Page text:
Six gigs out of 7,000 emails (a return of less than one-tenth of one percent) seems frustrating. However, I’ve made enough to pay for Alice’s services, even if I never get another gig from that list. Since I have additional gigs lined up for the 2013-2014 school year, the list has become more than worth it. Building this list with Alice has also allowed me to figure out what kind of outreach to schools and universities is worth my time: I get a much better response emailing students than professors. I suspect students are more willing to respond to someone contacting them out of the blue, whereas most of the gigs I’ve gotten from professors have come after meeting them in person. Moving forward, I’m having Alice focus specifically on campus LGBT groups. I’ll potentially lose out on some contacts, but based on my experience so far, it’s worth it to narrow my focus.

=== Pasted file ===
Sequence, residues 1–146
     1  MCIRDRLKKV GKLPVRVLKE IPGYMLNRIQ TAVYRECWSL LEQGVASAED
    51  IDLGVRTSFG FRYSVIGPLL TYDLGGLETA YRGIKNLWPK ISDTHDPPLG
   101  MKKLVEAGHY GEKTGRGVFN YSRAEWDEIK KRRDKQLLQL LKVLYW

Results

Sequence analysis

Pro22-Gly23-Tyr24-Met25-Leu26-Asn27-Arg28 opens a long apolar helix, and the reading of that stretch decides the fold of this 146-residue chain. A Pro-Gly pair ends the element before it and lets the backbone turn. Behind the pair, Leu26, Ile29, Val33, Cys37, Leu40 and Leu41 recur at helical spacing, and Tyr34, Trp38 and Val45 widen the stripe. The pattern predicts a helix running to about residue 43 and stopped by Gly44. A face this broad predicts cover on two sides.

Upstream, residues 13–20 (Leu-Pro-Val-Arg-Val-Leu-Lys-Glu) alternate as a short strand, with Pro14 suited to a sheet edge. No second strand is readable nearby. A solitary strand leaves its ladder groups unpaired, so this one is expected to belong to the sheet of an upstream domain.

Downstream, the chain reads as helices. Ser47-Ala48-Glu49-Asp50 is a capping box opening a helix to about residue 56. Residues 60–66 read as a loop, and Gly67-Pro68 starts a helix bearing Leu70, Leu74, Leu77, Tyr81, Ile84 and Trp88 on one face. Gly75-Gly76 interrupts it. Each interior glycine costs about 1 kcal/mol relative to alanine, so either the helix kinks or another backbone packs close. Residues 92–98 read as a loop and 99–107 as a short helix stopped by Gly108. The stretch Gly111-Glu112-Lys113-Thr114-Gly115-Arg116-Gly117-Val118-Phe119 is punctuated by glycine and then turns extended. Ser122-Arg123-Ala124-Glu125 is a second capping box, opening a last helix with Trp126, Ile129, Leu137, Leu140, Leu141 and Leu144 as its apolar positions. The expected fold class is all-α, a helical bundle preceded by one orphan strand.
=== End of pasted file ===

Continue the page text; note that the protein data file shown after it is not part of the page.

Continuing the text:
To put all this another way: do what you do best, hire someone to do the rest. I can build these lists on my own, but Alice has made my life so much easier by doing it for me. In particular, Alice was working while I was touring fringe festivals last summer. I was able to come back to Chicago in the fall and immediately begin contacting schools without feeling guilty over not having kept up with my administrative work.
FINAL VERDICT: Find someone you trust, and hire them right now! (If you do hire Alice, help me out by telling her I sent you her way.)
While touring over the summer, Seth Lepore talked me into attending Arts Midwest, one of five yearly regional arts conferences around the United States. These conferences bring together artists, agents and booking venues (theaters, schools, etc.) for networking events, job fairs and educational workshops. Similar conferences are put on by the Western Arts Alliance, Association of Performing Arts Presenters, the Performing Arts Exchange and the college-focused APCA and NACA.